KC Royals: What The Royals Know About Pitching That Others Miss
By John Viril
Nov 1, 2015; New York City, NY, USA; Kansas City Royals relief pitcher
throws a pitch against the New York Mets in the 12th inning in game five of the World Series at Citi Field. Mandatory Credit: Brad Penner-USA TODAY Sports
Why A Dominant Bullpen Is The Better Alternative
On the other hand, the KC Royals off-season moves have been aimed at preserving their bullpen dominance. They retained swingman Chris Young, who performed well as both a starter and reliever last season with 16 relief appearances and 18 starts while delivering a 3.06 ERA in 123.1 innings pitched. The KC Royals also invested $25 million over three years to bring back Joakim Soria as a setup man.
The Kansas City Royals have won two straight pennants with a bullpen headlined by three dominant relievers. Dayton Moore has figured out that you can beat aces with mediocre starters supported by elite relievers.
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Take a look at the KC Royals 4.23 rotation ERA from 2015. Kansas City Royals starters gave up .47 runs per inning on average. Over six innings you’d expect them to allow 2.82 runs. However, KC was finishing games with Ryan Madson, Kelvin Herrera, and Wade Davis in playoffs—who were allowing .213 runs per inning as a group. Pitch them three innings and you could expect them to allow .641 runs.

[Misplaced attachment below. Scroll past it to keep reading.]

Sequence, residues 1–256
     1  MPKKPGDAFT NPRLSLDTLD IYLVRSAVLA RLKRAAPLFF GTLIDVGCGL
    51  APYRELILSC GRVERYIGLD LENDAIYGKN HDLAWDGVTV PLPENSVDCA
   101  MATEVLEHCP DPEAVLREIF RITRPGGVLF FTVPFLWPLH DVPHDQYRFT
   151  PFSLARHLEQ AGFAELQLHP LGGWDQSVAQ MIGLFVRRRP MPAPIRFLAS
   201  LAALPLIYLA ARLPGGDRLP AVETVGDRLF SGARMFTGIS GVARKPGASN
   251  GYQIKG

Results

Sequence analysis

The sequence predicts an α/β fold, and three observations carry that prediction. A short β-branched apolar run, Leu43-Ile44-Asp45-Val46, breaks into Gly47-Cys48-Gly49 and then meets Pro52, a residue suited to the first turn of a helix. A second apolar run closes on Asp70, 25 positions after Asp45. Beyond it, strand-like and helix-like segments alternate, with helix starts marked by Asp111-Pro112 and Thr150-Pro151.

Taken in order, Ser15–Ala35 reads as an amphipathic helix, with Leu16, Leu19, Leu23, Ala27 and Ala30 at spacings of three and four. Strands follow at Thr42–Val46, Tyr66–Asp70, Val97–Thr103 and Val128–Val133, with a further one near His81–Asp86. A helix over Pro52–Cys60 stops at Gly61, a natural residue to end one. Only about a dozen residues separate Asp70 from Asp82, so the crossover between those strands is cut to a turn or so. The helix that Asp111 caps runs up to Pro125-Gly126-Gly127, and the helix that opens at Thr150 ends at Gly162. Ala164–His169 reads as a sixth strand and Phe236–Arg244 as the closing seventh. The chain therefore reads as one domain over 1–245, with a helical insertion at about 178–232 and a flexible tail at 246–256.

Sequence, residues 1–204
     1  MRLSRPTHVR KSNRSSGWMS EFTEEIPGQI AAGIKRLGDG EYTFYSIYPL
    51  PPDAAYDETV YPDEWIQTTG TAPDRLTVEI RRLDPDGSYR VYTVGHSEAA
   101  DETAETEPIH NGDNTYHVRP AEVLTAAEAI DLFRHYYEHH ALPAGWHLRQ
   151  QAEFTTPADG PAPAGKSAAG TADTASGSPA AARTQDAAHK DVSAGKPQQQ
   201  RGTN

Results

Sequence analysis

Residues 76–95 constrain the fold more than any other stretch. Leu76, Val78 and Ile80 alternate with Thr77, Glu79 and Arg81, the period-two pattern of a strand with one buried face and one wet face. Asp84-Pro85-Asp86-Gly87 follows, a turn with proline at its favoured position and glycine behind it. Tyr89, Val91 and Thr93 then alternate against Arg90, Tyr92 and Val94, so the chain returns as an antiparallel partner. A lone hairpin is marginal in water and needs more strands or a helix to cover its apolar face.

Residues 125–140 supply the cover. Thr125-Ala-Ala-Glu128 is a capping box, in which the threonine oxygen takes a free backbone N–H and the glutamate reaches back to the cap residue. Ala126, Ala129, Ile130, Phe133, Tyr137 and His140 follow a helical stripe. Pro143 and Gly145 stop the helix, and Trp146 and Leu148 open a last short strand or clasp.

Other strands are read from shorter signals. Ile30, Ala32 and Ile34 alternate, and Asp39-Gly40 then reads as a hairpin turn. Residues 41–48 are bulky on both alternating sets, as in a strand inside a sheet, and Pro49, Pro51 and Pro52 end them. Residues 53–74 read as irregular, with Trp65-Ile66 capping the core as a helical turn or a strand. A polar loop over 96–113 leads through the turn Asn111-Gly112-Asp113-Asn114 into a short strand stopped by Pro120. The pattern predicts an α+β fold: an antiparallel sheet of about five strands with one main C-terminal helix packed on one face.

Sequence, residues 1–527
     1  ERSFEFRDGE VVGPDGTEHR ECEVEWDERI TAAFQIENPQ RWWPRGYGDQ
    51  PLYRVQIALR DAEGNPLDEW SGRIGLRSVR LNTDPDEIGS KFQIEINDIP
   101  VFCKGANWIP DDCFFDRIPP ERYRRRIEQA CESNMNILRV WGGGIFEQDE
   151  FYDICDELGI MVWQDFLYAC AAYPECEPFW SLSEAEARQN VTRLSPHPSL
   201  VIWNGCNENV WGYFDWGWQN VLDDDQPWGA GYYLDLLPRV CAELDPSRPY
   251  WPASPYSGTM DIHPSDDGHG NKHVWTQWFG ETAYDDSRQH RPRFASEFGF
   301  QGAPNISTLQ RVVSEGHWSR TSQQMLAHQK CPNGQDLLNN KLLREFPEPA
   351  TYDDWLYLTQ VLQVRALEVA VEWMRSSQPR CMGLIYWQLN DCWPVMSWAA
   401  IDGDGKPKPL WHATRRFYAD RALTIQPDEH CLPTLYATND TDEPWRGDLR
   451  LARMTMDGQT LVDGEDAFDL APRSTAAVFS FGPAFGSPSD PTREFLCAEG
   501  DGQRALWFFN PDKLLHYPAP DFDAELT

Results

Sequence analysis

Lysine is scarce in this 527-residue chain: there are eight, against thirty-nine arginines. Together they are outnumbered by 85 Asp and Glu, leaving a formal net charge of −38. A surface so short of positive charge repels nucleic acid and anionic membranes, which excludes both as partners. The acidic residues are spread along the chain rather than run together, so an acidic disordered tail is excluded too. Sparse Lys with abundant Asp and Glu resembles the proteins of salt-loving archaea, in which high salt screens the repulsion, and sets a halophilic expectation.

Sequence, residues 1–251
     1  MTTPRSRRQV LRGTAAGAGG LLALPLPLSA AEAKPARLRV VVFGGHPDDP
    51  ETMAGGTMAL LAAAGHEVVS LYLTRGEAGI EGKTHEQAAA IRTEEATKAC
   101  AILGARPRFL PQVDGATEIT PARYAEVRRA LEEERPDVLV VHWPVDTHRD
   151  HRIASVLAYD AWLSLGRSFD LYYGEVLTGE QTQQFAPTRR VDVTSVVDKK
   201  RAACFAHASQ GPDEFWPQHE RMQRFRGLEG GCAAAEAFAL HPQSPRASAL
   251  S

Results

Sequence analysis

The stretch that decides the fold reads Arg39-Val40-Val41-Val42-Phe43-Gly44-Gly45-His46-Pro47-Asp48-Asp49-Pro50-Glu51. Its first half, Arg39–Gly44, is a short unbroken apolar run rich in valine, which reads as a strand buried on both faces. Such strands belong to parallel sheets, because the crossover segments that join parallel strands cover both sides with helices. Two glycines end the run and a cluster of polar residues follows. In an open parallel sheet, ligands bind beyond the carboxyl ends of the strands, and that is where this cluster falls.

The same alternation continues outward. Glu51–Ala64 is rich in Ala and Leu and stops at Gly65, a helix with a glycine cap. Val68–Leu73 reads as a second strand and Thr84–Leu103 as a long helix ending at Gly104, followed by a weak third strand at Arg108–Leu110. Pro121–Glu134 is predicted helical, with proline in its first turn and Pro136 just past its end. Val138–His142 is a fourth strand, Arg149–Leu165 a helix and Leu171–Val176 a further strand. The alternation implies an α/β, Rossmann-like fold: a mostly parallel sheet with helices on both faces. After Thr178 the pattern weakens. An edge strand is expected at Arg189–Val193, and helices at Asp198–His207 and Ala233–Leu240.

Suddenly, your below average starters sport a solid 3.43 ERA over an entire game. That’s how the KC Royals finished third in the AL in staff ERA despite a jury-rigged rotation.
In many ways, the 2015 season wasn’t the best embodiment of the Kansas City Royals winning formula. Greg Holland struggled most of the year until he broke down with elbow trouble in September. The 2014 bullpen that featured the famous HDH trio of Herrera, Davis, and Holland gave up a mere .142 runs per inning—a run expectancy over three innings of .426. With HDH, that 4.23 ERA staff now has an effective 3.25 ERA.
The beauty of a bullpen with a dominant back-end trio is that you can deploy them only when needed. If your offense hangs a 10-spot on the opposition, you can leave them in the garage. Is it any wonder that projection systems based on run-differentials consistently under-estimate the KC Royals?
In short, a dominant back-end trio allows the team manager to turn his milquetoast starter into an ace if the game is close. Even with teams bidding up the prices on setup men in an attempt to build a “Kansas City Royals” bullpen, the results are still worth the cost.
In a world where you can’t grab all the talent you really want, choosing cheaper relievers, with shorter guaranteed contracts, over fragile aces makes sense.
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That’s why Dayton Moore is willing to pay top dollar to stock the KC Royals bullpen. He’s found a way to compete with baseball’s top guns without shelling out nine-figure contracts.